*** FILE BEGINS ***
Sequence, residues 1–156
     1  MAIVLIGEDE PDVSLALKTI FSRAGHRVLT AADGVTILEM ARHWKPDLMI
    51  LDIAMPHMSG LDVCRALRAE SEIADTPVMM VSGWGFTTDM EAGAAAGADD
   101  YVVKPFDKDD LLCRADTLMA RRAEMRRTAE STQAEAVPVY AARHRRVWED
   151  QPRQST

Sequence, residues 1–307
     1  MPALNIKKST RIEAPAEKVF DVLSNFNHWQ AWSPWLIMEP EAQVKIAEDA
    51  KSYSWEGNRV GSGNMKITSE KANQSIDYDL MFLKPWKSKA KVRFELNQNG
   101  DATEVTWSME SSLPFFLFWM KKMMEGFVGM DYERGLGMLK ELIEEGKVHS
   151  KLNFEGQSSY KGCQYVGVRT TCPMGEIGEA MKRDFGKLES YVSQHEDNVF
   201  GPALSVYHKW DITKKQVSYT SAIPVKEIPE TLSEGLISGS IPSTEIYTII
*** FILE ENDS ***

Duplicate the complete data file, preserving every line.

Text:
Sequence, residues 1–156
     1  MAIVLIGEDE PDVSLALKTI FSRAGHRVLT AADGVTILEM ARHWKPDLMI
    51  LDIAMPHMSG LDVCRALRAE SEIADTPVMM VSGWGFTTDM EAGAAAGADD
   101  YVVKPFDKDD LLCRADTLMA RRAEMRRTAE STQAEAVPVY AARHRRVWED
   151  QPRQST

Sequence, residues 1–307
     1  MPALNIKKST RIEAPAEKVF DVLSNFNHWQ AWSPWLIMEP EAQVKIAEDA
    51  KSYSWEGNRV GSGNMKITSE KANQSIDYDL MFLKPWKSKA KVRFELNQNG
   101  DATEVTWSME SSLPFFLFWM KKMMEGFVGM DYERGLGMLK ELIEEGKVHS
   151  KLNFEGQSSY KGCQYVGVRT TCPMGEIGEA MKRDFGKLES YVSQHEDNVF
   201  GPALSVYHKW DITKKQVSYT SAIPVKEIPE TLSEGLISGS IPSTEIYTII